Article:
He’s not conventionally attractive, but he is beautiful.

“The woman who used to swim here before you,” the man says, crossing his arms in front of his chest. He has a swimmer’s build—short but powerful, every muscle operating with pinpoint precision.

“No,” Andrew says.

Bee had wanted to see her garden one last time. The day Andrew checked her out of the hospital and took her home, they sat on the porch together after dinner. Her in the wheelchair Andrew had liberated from the hospital and Andrew in his usual spot, watching the birds swoop and soar as they sipped the last of the previous summer’s mirabelle schnapps.

It’s gone now, all of it.

Andrew suddenly can’t face the river. He takes his towel back off its branch, turns around, and heads back into the house.


“I didn’t kill her,” he says the next day, swaddled in his towel after only five minutes in the water. “Cancer did.”

“Oh,” the man says. He’s bending over, the palms of his hands pressed flat to the grass at his feet. His hair looks slept-on, but his eyes are wide awake. “Shame. She was a good swimmer.”

There’s a vague tightness in Andrew’s throat, like a wire slowly drawing taut.

The man straightens up.

“I’m Neil,” he says. A concession. Andrew tries to bleach his voice and purge his expression of whatever Neil saw in it and gives his name in return.

He watches Neil swim, shivering in his towel, until the sun tickles his eyes and his stomach gives an audible growl.


It rains again.

Andrew opens the window of the upstairs bedroom, breathing in the thick, wet air, and peers out through the gloom until he spots the inevitable splash of colour struggling against the current.

He draws his blanket tighter around himself, leans his head against the window frame and his mug against his cheek.

He’s almost finished going through the last of Bee’s stuff. There wasn’t much to replace—Andrew was never attached to his old furniture—but some of the pieces in this house are too haunted to keep.

Bee’s spice cupboard was so well stocked that he’ll have something new to dust his morning coffee with every day for a while yet. There are books on her shelves waiting to be read. All her papers are in order. Bee had thought of everything, from teaching him how to take care of her garden to collecting all of her recipes in a binder for him. But she neglected to mention the living human that apparently comes with the river.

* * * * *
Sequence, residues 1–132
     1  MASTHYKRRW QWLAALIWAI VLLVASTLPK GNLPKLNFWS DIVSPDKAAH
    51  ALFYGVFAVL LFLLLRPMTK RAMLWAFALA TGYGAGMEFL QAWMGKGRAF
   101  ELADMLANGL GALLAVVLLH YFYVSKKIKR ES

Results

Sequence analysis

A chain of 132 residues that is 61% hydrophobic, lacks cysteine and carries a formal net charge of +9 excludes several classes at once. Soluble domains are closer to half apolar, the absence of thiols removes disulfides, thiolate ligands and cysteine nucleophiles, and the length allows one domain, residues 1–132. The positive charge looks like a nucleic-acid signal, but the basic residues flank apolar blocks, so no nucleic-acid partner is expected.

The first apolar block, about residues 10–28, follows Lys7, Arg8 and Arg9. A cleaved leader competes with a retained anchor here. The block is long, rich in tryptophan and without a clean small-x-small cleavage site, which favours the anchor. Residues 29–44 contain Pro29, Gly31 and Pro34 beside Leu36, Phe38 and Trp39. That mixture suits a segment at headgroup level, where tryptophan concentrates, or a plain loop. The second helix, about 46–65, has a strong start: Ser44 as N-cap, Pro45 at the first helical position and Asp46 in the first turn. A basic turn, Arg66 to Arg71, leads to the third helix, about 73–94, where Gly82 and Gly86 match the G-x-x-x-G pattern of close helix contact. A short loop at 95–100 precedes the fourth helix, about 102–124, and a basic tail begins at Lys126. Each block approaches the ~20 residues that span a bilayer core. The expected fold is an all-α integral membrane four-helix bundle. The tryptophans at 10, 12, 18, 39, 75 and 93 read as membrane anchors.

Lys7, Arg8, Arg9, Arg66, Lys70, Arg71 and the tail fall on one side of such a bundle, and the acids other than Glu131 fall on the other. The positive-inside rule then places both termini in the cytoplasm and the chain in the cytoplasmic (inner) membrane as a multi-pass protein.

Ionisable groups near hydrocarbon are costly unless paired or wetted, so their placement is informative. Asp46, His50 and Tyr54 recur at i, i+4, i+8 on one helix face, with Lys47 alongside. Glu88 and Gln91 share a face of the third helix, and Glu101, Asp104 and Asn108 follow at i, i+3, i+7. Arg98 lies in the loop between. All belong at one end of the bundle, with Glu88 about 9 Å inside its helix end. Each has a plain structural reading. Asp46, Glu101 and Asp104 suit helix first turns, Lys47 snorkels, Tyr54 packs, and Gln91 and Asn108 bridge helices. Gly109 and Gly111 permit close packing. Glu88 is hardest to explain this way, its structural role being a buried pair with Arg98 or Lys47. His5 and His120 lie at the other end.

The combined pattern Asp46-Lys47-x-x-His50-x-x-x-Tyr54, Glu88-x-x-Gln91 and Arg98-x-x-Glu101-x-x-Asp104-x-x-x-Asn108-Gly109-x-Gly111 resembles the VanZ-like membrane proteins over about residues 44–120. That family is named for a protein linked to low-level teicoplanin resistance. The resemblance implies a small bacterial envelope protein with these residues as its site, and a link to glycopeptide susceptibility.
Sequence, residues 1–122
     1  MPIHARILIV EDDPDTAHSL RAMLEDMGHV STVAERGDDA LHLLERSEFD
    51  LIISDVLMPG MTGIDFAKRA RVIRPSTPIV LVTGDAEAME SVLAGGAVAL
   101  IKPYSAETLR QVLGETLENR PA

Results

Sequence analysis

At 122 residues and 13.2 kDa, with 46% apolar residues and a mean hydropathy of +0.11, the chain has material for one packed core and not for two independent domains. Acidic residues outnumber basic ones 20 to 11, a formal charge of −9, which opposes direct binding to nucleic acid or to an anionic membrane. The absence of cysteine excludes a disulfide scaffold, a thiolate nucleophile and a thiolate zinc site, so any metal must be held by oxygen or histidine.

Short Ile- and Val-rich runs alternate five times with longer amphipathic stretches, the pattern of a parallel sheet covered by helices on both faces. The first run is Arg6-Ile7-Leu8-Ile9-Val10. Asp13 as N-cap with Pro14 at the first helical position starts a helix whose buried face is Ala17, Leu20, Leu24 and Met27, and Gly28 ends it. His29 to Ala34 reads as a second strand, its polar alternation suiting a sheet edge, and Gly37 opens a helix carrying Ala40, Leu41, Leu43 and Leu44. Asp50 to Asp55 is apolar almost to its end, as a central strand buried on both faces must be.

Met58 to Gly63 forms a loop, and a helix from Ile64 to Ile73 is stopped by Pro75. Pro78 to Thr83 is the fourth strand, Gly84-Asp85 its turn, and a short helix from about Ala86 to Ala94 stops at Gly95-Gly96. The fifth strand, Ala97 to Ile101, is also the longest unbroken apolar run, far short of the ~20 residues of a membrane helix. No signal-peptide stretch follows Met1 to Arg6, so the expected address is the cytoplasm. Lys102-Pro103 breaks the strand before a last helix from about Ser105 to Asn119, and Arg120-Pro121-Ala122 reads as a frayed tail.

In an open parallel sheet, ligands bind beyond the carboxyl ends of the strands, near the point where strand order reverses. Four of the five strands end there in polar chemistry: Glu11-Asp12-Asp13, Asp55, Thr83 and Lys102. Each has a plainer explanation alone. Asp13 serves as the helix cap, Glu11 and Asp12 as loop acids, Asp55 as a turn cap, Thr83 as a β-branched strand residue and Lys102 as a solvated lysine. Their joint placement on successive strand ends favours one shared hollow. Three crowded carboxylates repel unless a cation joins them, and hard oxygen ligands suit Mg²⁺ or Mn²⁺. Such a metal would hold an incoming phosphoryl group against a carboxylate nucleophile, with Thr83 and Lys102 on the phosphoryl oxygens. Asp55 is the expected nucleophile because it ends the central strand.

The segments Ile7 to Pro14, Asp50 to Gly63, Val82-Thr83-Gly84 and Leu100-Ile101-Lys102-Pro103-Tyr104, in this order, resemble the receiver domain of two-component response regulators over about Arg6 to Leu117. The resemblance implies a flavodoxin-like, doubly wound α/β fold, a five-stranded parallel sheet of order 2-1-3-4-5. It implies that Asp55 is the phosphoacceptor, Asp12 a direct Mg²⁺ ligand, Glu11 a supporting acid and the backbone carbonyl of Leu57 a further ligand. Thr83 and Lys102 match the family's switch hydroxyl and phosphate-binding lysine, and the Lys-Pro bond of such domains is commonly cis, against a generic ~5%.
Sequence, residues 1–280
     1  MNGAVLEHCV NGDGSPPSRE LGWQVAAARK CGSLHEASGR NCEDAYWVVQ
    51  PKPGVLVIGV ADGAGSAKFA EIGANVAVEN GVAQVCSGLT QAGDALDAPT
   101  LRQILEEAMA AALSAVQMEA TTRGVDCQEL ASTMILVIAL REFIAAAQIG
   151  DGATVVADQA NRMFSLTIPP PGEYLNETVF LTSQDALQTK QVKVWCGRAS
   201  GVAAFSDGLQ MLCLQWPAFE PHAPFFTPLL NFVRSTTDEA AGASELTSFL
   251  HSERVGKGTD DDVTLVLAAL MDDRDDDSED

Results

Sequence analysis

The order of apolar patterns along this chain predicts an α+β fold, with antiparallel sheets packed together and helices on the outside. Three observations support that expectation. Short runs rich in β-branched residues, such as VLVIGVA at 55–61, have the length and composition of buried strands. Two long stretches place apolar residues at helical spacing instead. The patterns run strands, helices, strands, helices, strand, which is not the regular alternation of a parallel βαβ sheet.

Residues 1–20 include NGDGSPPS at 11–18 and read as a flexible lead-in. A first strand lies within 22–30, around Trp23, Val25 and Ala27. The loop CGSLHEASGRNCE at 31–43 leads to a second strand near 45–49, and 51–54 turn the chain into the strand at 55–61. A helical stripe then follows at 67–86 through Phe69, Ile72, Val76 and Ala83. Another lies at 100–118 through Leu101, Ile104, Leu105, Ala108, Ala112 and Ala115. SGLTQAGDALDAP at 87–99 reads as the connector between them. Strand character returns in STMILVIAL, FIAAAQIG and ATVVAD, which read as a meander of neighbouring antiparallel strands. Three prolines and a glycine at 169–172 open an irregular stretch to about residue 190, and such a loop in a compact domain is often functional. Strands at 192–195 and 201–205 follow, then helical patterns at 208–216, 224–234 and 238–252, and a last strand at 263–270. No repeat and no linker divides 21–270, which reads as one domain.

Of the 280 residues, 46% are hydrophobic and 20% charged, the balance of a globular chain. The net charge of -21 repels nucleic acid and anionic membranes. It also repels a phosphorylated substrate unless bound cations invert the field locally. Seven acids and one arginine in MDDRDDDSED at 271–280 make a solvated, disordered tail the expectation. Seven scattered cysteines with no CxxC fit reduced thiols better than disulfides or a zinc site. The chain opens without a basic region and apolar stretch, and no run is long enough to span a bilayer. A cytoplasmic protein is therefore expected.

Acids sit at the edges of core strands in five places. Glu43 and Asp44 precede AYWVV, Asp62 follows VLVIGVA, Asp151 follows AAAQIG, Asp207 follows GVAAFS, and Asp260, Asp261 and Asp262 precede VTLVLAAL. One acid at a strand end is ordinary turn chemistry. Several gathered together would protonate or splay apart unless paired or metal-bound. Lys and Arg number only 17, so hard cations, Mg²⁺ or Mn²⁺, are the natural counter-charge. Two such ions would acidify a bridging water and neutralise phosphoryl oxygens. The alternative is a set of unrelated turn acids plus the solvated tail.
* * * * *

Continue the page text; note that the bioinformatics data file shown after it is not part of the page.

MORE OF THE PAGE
Andrew’s coffee is long gone by the time Neil gives up his ongoing fistfight with the current. He briefly disappears among the trees, then emerges fully dressed, jogging down the path along the river and out of sight.

Andrew closes the window.


The sky is still in a foul mood the next day, grumbling and rattling the clouds, hissing and spitting angry bouts of rain.

Andrew goes downstairs on stiff legs and finds a cat curled up on the newspaper by the front door.

He stares at it. The cat doesn’t move.

“Shoo,” Andrew says.

The cat blinks misty green eyes up at him and tucks her leg in tighter. Fuck even knows how she got in. Andrew squints suspiciously at the letterbox, then turns and heads into the kitchen to start his coffee and paw through the fridge for breakfast.

He’s in the process of punching the air out of the bread dough he’s had proving over night when movement at the bottom of the garden catches his eye. He sets the bowl down with a sigh, scrubs his hands at the sink, then throws on a jacket and goes out through the porch doors.

The current is worse than ever. Neil is a wild thing, thrashing in the waves. Wind snaps at the trees like a rabid dog, swallowing Andrew’s attempts at calling out to the figure in the water.

There’s only one thing to do.

Andrew doesn’t bother stripping—it’s all wet already anyway. He loses a flip-flop and shakes the other one off, for once uncaring of the cold as it closes around his legs like shackles. It’s a struggle to even stay in the same place once his feet leave the ground, but at least it draws Neil’s attention at last. They meet somewhere in the middle and Neil lets himself be led back to the riverbank, though they come out further downstream than they started and have to wade back through mud and weeds.